US Patent 3,290,589 issued Dec. 6th, 1966
Device for Measuring and Indicating Changes in
the Resistance of a Human Body
Inventor: Lafayette R. Hubbard
DEVICE FOR MEASURING AND INDICATING CHANGES IN RESISTANCE OF A LIVING BODYThis is a continuation-in-part of my application Serial No. 82,100, filed Jan 11, 1961 and now abandoned, for "Resistance Measuring or Indicating Devices."
This invention relates to resistance measuring or indicating devices and is concerned more especially, but not exclusively, with devices for indicating variations in the resistance of the human body.
In accordance with the invention there is provided an electrical resistance measuring or indicating device comprising a bridge network having on one side thereof a first resistance arm connected to a second resistance arm and on the other side thereof, a first voltage arm connected to a second voltage arm, there being between the junction of the first and second resistance arms and the junction of the first and second arms, a transistorized amplifier circuit and indicating means responsive to changes in balance of the bridge network so as to indicate or measure the resistance, or variations in resistance, of a subject such as a body or part connected to the network across one of said resistance arms.
In a preferred form of the device, a first variable potentiometer means is associated with one of the voltage arms for controlling the range over which the device can operate in the indication of variations in resistance and a second variable potentiometer means is arranged between the junction of the first and second resistance arms and the amplifier circuit, the arrangement being such that when the bridge network becomes unbalanced by the application of a subject thereto, balance can be restored by the adjustment of the first potentiometer means so that the indicating means will respond to very small changes in the resistance of said subject.
For a better understanding of the invention and the method by which it is to be performed, an embodiment thereof is shown in the accompanying drawings, wherein, FIGURE 1 is a schematic diagram illustrating the basic circuit of a resistance measuring or indicating device. FIGURE 2 is a complete circuit diagram thereof. FIGURE 3 is another complete circuit diagram of the device, and FIGURE 4 is a front view of the device.
Referring to FIGURE 1, the device comprises a network arranged to provide what may be termed a "voltage ratio-arm" bridge comprising on one side two resistance arms constituted respectively by resistors R1 and R4 which form a potential divider adjusted to a ratio of 4:1. The other side of the bridge network comprises one voltage arm formed by a 1.5 volt battery indicated at B1 and a second voltage arm consisting of a 6 volt battery indicated at B2 and across which there is provided a range control consisting of a variable potentiometer R5. Electrode terminals are provided at A and B for the connection of the network to the body of a human subject, terminal A being connected through a preset 5K variable potentiometer R2 to the junction X of R1 and R4, and the terminal B being connected to the slider of R5 which, in the present embodiment comprises a 20K ohm linear potentiometer. Between the junction indicated at Y of battery B1 with B2 and the connection of terminal A to potentiometer R2, there is arranged a transistorized D.C. amplifier arranged to feed a moving coil meter for indicating the out-of-balance current of the bridge network. It will be clear that with an open circuit between the subject terminals A and B, the bridge will balance when the slider of potentiometer R5 is at the negative end of its travel.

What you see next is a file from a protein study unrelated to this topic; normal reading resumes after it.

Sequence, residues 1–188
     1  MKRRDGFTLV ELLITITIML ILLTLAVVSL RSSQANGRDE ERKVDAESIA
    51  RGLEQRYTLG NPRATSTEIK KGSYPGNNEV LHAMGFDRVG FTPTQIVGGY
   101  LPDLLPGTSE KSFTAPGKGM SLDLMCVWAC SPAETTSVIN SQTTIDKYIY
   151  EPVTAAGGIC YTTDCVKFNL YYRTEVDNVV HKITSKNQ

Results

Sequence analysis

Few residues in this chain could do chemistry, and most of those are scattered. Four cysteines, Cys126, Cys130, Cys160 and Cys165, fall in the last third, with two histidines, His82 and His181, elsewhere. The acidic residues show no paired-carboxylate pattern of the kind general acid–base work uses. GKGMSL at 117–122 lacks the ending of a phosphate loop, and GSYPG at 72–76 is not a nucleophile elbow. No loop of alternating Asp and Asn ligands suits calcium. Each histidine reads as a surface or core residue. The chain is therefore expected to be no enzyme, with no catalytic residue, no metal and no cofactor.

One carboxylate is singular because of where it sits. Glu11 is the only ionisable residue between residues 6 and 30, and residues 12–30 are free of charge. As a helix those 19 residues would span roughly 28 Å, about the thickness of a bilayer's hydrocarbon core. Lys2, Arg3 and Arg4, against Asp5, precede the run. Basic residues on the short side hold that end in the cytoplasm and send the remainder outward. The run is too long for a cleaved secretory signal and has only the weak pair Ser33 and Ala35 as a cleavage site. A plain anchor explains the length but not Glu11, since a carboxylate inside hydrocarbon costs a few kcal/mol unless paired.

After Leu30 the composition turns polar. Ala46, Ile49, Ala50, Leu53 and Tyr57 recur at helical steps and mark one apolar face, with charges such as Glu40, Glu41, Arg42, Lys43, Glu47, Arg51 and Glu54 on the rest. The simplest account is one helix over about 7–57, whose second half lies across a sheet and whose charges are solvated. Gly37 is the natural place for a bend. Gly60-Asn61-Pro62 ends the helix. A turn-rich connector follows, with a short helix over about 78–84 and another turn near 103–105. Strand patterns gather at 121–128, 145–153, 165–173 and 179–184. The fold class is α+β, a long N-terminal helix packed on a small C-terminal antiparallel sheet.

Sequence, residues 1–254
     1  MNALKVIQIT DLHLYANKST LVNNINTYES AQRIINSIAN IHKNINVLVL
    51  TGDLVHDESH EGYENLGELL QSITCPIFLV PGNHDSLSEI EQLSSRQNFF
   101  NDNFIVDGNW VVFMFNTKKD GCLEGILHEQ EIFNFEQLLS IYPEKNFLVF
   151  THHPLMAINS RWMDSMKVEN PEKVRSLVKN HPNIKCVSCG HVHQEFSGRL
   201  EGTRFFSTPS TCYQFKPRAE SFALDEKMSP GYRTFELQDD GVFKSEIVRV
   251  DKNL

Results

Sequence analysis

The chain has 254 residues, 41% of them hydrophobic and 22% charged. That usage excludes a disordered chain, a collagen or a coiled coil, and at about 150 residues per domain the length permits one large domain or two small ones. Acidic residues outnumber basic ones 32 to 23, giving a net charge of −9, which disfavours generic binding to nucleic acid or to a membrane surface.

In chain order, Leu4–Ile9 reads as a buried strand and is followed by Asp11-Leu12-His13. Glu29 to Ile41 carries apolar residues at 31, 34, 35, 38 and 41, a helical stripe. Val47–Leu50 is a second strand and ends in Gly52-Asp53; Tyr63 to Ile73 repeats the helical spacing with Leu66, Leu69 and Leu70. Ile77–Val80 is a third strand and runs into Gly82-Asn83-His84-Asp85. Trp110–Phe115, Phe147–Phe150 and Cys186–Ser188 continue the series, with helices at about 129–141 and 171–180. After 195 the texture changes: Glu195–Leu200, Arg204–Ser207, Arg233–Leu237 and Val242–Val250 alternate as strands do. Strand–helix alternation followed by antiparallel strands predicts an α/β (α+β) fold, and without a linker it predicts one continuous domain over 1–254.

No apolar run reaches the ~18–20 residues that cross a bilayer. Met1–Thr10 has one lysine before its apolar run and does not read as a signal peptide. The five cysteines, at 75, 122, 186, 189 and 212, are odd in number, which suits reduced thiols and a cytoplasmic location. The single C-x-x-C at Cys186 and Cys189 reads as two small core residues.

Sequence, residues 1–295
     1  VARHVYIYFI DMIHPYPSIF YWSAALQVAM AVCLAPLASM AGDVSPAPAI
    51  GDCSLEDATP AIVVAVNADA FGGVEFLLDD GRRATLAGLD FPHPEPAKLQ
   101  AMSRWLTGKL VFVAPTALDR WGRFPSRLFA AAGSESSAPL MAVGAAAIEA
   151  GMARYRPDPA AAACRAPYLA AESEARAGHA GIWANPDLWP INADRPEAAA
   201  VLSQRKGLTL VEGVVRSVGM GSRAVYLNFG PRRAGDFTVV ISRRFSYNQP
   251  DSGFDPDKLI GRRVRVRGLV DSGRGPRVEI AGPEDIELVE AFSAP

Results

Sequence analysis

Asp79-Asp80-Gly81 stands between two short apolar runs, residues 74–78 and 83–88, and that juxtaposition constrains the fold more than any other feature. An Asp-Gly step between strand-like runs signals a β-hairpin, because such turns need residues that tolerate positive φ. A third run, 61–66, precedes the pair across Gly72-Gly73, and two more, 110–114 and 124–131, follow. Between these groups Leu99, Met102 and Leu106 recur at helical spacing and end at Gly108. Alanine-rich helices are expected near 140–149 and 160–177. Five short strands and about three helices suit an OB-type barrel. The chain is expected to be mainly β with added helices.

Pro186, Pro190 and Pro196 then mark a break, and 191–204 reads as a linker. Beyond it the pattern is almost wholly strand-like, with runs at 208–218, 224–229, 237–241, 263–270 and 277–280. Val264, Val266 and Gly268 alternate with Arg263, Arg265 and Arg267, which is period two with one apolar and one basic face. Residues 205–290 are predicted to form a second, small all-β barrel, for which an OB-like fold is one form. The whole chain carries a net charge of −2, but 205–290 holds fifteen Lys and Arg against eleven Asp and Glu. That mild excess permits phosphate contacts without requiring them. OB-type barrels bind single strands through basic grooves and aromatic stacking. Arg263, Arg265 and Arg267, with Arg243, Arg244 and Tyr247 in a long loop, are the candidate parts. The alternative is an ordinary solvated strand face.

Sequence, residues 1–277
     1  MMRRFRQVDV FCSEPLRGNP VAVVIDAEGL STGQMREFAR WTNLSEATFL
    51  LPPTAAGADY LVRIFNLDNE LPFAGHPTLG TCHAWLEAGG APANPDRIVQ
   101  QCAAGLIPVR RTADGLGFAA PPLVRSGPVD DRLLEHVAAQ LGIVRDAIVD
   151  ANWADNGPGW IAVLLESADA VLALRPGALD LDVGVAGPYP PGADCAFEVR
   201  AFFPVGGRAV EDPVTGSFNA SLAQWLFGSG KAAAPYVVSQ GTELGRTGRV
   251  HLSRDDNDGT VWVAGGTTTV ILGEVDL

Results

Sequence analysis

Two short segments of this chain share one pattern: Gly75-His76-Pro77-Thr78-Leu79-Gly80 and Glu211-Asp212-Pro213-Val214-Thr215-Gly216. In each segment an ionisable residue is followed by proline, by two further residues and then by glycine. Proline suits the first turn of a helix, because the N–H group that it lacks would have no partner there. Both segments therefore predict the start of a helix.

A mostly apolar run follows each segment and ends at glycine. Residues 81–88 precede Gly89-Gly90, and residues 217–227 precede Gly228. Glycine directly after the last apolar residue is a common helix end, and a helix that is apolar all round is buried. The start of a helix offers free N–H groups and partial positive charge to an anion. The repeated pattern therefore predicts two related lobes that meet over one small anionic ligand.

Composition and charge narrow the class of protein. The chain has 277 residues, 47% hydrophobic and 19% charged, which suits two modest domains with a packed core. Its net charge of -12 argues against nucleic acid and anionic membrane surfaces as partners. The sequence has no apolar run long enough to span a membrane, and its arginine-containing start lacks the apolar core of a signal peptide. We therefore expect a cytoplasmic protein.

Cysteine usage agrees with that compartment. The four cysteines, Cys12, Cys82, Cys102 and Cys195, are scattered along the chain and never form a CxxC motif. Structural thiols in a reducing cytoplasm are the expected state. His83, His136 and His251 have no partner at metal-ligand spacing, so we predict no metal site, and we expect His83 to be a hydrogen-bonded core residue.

Briefly, the operation of the device as described with reference to FIGURE 1 is that when the device is applied to the body of a human being, as by gripping of the terminal electrodes in the hands of the subject, the body resistance shunts the resistor R1 thereby unbalancing the bridge or causing the degree of unbalancement of the bridge to change. Potentio- meter R5 is then adjusted to restore balance to the bridge as indicated on the meter. The instrument then becomes very sensitive to changes in the body resistance of the subject, a very small change of such resistance causing a relatively large change in the deflection of the meter pointer.